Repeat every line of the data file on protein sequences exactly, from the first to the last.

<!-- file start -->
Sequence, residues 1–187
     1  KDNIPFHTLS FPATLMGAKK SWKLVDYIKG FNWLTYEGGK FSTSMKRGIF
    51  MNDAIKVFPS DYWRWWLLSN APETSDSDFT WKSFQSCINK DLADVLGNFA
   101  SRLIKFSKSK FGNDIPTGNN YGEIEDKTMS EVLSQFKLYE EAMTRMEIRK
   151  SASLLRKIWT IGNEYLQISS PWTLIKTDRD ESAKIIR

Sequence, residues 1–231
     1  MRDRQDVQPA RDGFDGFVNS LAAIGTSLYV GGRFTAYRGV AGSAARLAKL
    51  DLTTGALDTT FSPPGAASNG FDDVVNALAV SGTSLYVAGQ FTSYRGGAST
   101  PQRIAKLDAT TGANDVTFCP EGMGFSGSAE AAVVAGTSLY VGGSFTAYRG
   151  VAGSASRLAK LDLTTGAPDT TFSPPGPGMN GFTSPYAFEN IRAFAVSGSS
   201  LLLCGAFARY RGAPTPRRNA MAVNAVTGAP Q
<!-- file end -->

Sequence, residues 1–187
     1  KDNIPFHTLS FPATLMGAKK SWKLVDYIKG FNWLTYEGGK FSTSMKRGIF
    51  MNDAIKVFPS DYWRWWLLSN APETSDSDFT WKSFQSCINK DLADVLGNFA
   101  SRLIKFSKSK FGNDIPTGNN YGEIEDKTMS EVLSQFKLYE EAMTRMEIRK
   151  SASLLRKIWT IGNEYLQISS PWTLIKTDRD ESAKIIR

Sequence, residues 1–231
     1  MRDRQDVQPA RDGFDGFVNS LAAIGTSLYV GGRFTAYRGV AGSAARLAKL
    51  DLTTGALDTT FSPPGAASNG FDDVVNALAV SGTSLYVAGQ FTSYRGGAST
   101  PQRIAKLDAT TGANDVTFCP EGMGFSGSAE AAVVAGTSLY VGGSFTAYRG
   151  VAGSASRLAK LDLTTGAPDT TFSPPGPGMN GFTSPYAFEN IRAFAVSGSS
   201  LLLCGAFARY RGAPTPRRNA MAVNAVTGAP Q